Press Play 3/29/15: Lords of the Game

A Death Grips 'postmortem'

Conor Battles, Editor-in-Chief, Arts & Entertainments Editor

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As I’m writing this, I am midway through my third listen to Death Grips’ Jenny Death.
It’s a moment I had begun to think I would never see. Historically speaking, Death Grips is known for their empty promises and red herrings.
Since their formation in 2010, they have been one of music’s biggest mysteries. Their sound, a schizophrenic blend of Rage Against the Machine’s rap-rock aggression; Trent Reznor’s hellish, industrial soundscapes; and a hardcore punk aesthetic; is unlike anything before or since. Frontman MC Ride’s shamanistic stage presence and cryptic lyricism, combined with Zach Hill’s pounding drums and Andy “Flatlander” Morin’s intense production combined to make Death Grips one of the most exciting (and challenging) bands of the decade.
But from the start, Death Grips has been about much more than the music. After their critically acclaimed 2012 debut LP The Money Store was released independently, Epic Records signed them to release their followup. Not content to allow the label to control them, Death Grips launched a lengthy online puzzle that had fans searching through the infamous “Deep Web” to find scattered clues about the album’s release date. To top it off, they leaked the album, the appropriately-titled No Love Deep Web, online themselves, featuring an unexpected (and inappropriate) change in cover art to further spite the label. The gambit worked, and Epic dropped them weeks later, allowing the band to continue to publish independently.
That mentality, the anarchic nature of Death Grips as both a band and a display of performance art, continued to influence their development. They became notorious for their live performances. Their shows were raw, primal, and above all, spellbinding – when they bothered to show up to them. 2013’s Government Plates took their sound in bolder new direction, opting for a heavy electronic influence. The first half of The Powers That B, their latest release, is even stranger: every song on the album is composed mostly of Hill’s drumming and vocal samples of Icelandic singer-songwriter Björk.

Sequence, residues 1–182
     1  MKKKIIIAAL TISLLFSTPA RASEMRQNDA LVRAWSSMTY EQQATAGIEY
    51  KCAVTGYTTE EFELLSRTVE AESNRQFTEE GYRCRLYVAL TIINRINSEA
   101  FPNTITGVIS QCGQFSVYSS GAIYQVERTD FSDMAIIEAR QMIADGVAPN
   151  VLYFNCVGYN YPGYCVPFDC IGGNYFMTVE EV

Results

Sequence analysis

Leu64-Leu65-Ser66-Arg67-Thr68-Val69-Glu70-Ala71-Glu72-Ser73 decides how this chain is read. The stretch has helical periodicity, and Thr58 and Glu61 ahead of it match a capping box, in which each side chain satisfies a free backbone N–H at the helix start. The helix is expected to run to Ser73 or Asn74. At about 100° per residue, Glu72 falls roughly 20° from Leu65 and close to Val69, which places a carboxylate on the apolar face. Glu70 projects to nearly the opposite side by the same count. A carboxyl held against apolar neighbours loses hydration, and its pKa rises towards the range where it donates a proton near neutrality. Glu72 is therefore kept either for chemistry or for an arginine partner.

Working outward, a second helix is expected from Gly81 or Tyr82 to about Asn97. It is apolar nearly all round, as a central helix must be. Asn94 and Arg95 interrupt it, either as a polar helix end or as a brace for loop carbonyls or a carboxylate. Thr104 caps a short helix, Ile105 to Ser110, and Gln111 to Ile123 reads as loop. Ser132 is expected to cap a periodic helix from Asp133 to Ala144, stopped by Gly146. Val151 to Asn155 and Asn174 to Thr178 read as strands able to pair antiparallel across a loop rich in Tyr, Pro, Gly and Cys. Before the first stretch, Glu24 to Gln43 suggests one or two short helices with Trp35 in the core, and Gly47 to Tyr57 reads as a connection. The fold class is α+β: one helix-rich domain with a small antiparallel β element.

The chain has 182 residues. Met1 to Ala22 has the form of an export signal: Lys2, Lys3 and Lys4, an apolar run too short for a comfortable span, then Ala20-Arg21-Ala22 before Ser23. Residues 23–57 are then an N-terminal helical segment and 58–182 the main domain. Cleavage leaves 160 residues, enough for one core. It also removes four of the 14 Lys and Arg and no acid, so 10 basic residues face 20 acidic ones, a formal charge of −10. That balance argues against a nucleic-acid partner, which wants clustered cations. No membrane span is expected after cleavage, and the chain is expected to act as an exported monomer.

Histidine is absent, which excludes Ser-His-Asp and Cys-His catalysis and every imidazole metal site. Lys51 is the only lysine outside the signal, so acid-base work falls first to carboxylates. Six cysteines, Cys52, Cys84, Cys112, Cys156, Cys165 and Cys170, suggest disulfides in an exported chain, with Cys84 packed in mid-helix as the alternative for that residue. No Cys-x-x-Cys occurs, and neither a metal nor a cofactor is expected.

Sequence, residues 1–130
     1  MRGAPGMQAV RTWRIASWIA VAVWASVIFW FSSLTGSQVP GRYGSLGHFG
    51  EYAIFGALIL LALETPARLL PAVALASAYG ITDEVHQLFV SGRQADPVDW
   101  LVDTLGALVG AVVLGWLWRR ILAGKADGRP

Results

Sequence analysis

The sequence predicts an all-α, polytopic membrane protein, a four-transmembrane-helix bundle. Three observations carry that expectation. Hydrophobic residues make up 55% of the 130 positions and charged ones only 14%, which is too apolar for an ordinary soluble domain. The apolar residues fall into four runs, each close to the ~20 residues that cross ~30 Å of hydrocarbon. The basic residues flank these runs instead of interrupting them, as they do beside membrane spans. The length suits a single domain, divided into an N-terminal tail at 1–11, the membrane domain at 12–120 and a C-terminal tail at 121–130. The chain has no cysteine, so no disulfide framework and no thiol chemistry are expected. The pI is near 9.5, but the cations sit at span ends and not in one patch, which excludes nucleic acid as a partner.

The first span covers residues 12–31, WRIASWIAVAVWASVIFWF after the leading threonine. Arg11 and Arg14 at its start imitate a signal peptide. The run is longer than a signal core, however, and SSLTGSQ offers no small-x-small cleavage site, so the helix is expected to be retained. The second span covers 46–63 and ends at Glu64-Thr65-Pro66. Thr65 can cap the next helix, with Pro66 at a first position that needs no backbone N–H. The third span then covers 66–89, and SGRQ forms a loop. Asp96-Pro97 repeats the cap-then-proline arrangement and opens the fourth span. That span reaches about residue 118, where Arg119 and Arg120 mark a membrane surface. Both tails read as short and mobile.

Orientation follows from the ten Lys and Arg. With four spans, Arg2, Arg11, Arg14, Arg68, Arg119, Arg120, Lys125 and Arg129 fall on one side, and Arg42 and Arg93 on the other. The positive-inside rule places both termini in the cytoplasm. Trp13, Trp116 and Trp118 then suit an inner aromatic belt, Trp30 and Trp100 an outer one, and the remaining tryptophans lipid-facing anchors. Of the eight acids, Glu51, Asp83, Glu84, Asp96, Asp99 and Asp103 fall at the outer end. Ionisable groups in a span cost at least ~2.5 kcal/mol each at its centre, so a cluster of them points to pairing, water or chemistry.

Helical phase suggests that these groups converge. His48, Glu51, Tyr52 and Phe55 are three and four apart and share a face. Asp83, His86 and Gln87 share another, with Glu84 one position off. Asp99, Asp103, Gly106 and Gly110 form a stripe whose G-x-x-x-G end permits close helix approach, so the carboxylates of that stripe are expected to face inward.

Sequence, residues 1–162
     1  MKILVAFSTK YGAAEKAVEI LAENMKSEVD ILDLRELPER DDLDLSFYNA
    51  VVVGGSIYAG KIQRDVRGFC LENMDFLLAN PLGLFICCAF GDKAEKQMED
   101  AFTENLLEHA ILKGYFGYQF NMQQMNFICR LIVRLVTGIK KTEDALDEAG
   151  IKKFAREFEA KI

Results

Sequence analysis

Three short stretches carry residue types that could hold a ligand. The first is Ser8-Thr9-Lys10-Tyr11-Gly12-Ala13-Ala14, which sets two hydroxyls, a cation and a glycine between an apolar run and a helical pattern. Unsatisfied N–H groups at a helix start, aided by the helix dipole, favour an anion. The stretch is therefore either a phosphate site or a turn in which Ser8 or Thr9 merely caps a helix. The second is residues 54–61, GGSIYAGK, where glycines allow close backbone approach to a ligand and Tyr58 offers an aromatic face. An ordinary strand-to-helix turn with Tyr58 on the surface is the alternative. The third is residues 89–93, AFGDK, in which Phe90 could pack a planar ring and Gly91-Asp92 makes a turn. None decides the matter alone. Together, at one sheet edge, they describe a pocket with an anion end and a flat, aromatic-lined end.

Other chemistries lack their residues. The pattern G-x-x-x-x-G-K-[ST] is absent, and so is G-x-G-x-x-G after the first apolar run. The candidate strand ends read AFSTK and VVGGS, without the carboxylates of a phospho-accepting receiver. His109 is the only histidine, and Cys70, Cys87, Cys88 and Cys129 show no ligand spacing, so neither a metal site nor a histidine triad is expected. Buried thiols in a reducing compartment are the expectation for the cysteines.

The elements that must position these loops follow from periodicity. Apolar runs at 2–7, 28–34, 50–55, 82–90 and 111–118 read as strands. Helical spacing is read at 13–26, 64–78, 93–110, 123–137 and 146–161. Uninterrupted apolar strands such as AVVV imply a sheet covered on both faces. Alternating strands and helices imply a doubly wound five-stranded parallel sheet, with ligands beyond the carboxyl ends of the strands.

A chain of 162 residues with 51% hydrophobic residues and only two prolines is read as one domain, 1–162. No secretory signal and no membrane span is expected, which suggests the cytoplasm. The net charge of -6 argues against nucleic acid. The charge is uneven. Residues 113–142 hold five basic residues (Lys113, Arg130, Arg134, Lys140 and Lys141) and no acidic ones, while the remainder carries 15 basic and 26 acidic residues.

Following the release of the first half of The Powers That B, Death Grips announced their retirement last July, cancelling all scheduled live dates and simply stating that the second half of the album would still arrive – eventually.
Since the announcement, things haven’t exactly been all quiet. A mysterious Twitter account purporting to be the band has sporadically posted hints about the band’s future, going so far as to say they would be going on tour. In January, the all-instrumental Fashion Week was released as a surprise gift to fans, as well as poking fun at their obsession over the band’s status.
    Which brings us to Jenny Death. This is the fabled second act of The Powers That B, and three listens later, it was worth the wait. It’s yet another huge departure sonically. Heavy, distorted guitar replaces the synthesizers and Björk samples that dominated the first half. If this truly is to be the last new Death Grips, it is a worthy swan song.
But Death Grips is hardly known for doing the expected. Theirs is a legacy that is still very much open for continuation, and if this bold new sound is any indication, we may well hear more from music’s strangest trio.

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